How Donald Trump’s Taiwan hands approach cross-strait tensions as Tsai Ing-wen lands in America
Top American officials on Asia policy have voiced pro-Taiwan sentiments, but leader’s brief visit to US will follow previous protocol
As Taiwanese President Tsai Ing-wen prepares to pass through two American cities on her way to and from Latin America beginning on Sunday, a look at US President Donald Trump’s new line-up of Taiwan hands shows two top officials who have expressed willingness to revisit US policy toward the self-ruled Chinese island.
In the pro-Taiwan camp are John Bolton, Trump’s national security adviser, and Randall Schriver, the assistant secretary of defence for Asian and Pacific security affairs.
Promoting the status quo has been James Heller, director of the Office of Taiwan Coordination at the State Department, the US government agency that usually handles Tsai’s transits.
Tsai will pass through Los Angeles on her way to Paraguay in South America and through Houston on her return journey from Belize in Central America.
The arrangements indicate that the Trump administration has adhered to the established way of conducting such transits – Taiwan’s president, vice-president, premier and vice-premier do not come to Washington – despite speculation that there might have been efforts to allow a US capital transit for Tsai.
Beijing has long objected to the US practice of allowing Taiwan’s leaders to use American territory for travel, a result of the one-China policy under which Taiwan is viewed as a wayward province that could be brought under the mainland’s rule by force if necessary.
During the confirmation process for their current posts, Bolton and Schriver pushed for a more rapid revisiting of Taiwan policy, while Heller has emphasised “continuity over change”, a source told the South China Morning Post.
But Bolton and Schriver have refrained from making any substantial moves since taking their posts at the White House and Pentagon, indicating that the Taiwan issue has not yet become a Trump priority, the source added.
“I imagine Trump remains focused on China for now and is not ready to consider Taiwan on its own terms,” the source said.
Since John Bolton began his tenure as Trump’s national security adviser on April 9, he has not made any public comment on the White House’s Taiwan policy, indicating that the issue is not among Trump’s priorities.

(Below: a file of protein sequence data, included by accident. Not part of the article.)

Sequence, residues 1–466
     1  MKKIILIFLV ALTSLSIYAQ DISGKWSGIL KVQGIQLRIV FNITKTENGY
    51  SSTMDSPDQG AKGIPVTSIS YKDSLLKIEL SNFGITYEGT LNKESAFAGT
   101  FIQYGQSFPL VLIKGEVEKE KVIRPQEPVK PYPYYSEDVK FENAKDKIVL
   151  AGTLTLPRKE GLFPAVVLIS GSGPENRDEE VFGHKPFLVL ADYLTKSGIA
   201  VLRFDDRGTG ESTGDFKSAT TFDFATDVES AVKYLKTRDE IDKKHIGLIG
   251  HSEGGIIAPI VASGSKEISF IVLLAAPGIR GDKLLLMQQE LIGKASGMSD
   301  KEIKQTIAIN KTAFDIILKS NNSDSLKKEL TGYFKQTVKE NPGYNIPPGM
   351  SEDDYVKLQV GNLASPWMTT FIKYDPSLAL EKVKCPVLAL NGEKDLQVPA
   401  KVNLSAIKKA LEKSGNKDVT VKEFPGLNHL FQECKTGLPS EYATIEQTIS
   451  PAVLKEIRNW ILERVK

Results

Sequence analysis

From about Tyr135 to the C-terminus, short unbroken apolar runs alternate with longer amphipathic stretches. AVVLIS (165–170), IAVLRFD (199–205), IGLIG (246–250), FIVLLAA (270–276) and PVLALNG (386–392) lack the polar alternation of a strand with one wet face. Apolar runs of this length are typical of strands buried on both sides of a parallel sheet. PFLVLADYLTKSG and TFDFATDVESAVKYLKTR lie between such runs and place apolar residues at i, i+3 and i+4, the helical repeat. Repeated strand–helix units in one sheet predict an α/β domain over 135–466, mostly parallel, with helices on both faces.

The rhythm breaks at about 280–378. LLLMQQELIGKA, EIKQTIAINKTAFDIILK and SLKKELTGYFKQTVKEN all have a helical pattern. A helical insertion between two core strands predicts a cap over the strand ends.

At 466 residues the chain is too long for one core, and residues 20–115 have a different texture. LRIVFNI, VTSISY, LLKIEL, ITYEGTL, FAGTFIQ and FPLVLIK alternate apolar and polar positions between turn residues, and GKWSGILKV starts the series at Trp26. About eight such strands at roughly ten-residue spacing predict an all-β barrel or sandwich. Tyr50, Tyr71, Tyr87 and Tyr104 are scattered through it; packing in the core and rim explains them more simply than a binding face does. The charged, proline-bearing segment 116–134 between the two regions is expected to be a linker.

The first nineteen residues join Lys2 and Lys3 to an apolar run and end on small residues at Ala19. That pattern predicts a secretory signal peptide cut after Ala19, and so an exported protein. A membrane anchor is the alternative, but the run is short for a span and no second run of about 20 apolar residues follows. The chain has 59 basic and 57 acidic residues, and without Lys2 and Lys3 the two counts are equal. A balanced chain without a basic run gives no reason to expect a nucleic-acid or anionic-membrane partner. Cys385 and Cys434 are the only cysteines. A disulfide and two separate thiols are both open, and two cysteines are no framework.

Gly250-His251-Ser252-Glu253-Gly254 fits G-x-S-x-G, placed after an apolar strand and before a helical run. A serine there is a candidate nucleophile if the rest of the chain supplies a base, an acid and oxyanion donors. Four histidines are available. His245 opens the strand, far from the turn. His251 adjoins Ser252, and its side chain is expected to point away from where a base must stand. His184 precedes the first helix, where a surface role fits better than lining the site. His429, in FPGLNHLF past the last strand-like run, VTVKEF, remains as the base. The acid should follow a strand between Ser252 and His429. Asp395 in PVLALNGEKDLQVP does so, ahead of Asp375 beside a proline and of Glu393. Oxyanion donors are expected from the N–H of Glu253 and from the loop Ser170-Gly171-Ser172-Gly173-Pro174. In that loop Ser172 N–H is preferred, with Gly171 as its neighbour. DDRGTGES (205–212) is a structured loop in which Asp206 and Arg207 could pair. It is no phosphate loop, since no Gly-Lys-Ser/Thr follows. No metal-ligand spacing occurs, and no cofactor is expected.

“I suspect John Bolton has goals commensurate with those he espoused on Taiwan before going to the NSC,” said a person with close ties to both US and Taiwanese authorities, speaking on the condition of anonymity.
“But he works for the president and will have to follow his priorities, which do not now appear to include Taiwan,” the source said. “That may change later.”
Days before Trump was sworn in as president, in January 2017, Bolton wrote an opinion piece in The Wall Street Journal urging the US to “revisit” its one-China policy, a provocative proposal seen by Beijing as a threat to the foundation of Sino-US relations.
In the column, he also suggested that the Shanghai Communiqué of 1972 – in which the US acknowledged that “there is but one China and that Taiwan is a part of China” – be renegotiated.
“Let us see how an increasingly belligerent China responds,” Bolton wrote.
Bonnie Glaser, a senior adviser for Asia and director of the China Power Project at the Center for Strategic and International Studies, said she doubted that such personal opinions could be translated into government policy.
“Individual preferences are only one variable that affect US policy,” Glaser said. “US policy is formulated within the context of a changing security environment, in which Chinese political, economic and military pressure on Taiwan are growing.”
Another Washington-based observer of US-China relations characterised Bolton as the “best friend of the independence movement in Taiwan”.
The source said the US State Department and the Pentagon may play “a role of restraining” in keeping the Taiwan issue from becoming a flash point or risking conflict between the US and China, but warned that “John Bolton’s approach is to continuously intervene”.
In June, the Trump administration did not send Bolton or a cabinet-level official to Taiwan when the American Institute in Taiwan (AIT) – the unofficial US embassy in Taipei – opened its new offices.